Abdominal pain & abdominal trauma

Published on 01/04/2015 by admin

Filed under Radiology

Last modified 01/04/2015

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Abdominal pain & abdominal trauma

The AXR—its usefulness

A patient with abdominal trauma does not require a plain abdominal radiograph (AXR). The AXR will not contribute to the clinical diagnosis and should be avoided.

The AXR is of limited value as a diagnostic tool in the evaluation of many patients presenting with an acute abdomen. This is largely because the abdominal contents are composed of soft tissue. Plain film radiography does not provide adequate soft tissue contrast discrimination to detect and differentiate between many of the numerous inflammatory and neoplastic intra-abdominal soft tissue pathologies. The AXR is not the right tool for the job. Consequently, it has been superseded by ultrasound and CT scanning which are highly accurate in terms of evaluating the various intra-abdominal soft tissues.

In present day clinical practice, the AXR is in the main limited to confirming a clinical suspicion of large or small bowel obstruction (as illustrated below), and demonstrating dangerous swallowed foreign bodies. Even so, CT will be selected as the first line imaging test in many cases of suspected intestinal obstruction, and also as the preferred and only imaging examination when renal colic is suspected.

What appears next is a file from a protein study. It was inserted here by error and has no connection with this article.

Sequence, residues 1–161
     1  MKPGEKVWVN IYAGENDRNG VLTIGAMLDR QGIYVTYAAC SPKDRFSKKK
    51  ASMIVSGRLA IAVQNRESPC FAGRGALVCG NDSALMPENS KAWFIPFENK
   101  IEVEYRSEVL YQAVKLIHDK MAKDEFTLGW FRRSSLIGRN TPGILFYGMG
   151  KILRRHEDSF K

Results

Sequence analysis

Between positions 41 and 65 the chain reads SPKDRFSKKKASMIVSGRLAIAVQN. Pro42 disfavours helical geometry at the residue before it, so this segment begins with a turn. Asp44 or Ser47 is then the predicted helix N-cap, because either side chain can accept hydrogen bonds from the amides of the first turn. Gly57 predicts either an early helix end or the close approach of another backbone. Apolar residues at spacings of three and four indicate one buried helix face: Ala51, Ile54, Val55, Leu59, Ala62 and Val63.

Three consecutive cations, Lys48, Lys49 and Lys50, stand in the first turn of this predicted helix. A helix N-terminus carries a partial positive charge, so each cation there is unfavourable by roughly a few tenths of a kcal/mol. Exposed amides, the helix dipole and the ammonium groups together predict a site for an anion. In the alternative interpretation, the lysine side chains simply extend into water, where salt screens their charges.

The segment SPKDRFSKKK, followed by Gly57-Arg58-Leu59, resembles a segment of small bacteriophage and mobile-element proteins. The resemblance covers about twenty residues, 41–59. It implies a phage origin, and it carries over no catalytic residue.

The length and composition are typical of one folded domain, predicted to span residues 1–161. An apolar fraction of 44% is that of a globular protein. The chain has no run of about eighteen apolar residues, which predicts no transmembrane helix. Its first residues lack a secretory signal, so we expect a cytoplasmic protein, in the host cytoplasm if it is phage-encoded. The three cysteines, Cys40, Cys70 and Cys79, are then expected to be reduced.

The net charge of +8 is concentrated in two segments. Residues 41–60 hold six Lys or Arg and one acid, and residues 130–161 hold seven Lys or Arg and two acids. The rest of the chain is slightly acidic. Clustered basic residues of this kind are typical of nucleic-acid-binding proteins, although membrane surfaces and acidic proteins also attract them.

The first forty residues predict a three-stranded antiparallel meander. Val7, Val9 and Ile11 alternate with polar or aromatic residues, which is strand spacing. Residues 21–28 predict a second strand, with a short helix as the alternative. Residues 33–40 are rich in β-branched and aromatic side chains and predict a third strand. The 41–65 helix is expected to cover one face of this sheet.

What if the preferrred imaging investigations are not immediately available? Is there any point in requesting an AXR as a substitute imaging test? On the whole, no. You risk obtaining false reassurance from a seemingly normal AXR appearance. It is safer to rely on a detailed clinical history and a careful physical examination. Furthermore, an experienced pair of examining hands from a member of the surgical team will recognise the emergency case that needs to go to theatre.

The table on the right indicates the relatively few occasions when an AXR can be useful.

Yes, to confirm the clinical impression. Perforation

Erect CXR


No Appendicitis No Biliary Colic


No Cholecystitis No. Will show calcified gallstones occasionally, but will not show wall thickening/inflammation. Diverticulitis


No Pancreatitis


No Haematemesis


No Acute lower gastrointestinal bleeding No Bowel ischaemia


No Aortic aneurysm No Acute colitis Yes. Will exclude toxic megacolon. Constipation No Renal colic


No. On its own it is imprecise and non-specific.


Analysis: plain film checklists

Erect CXR

In the context of a patient attending the Emergency Department with abdominal pain there are just two questions to ask of the CXR:

Supine AXR

When analysing an AXR some normal features can be listed:

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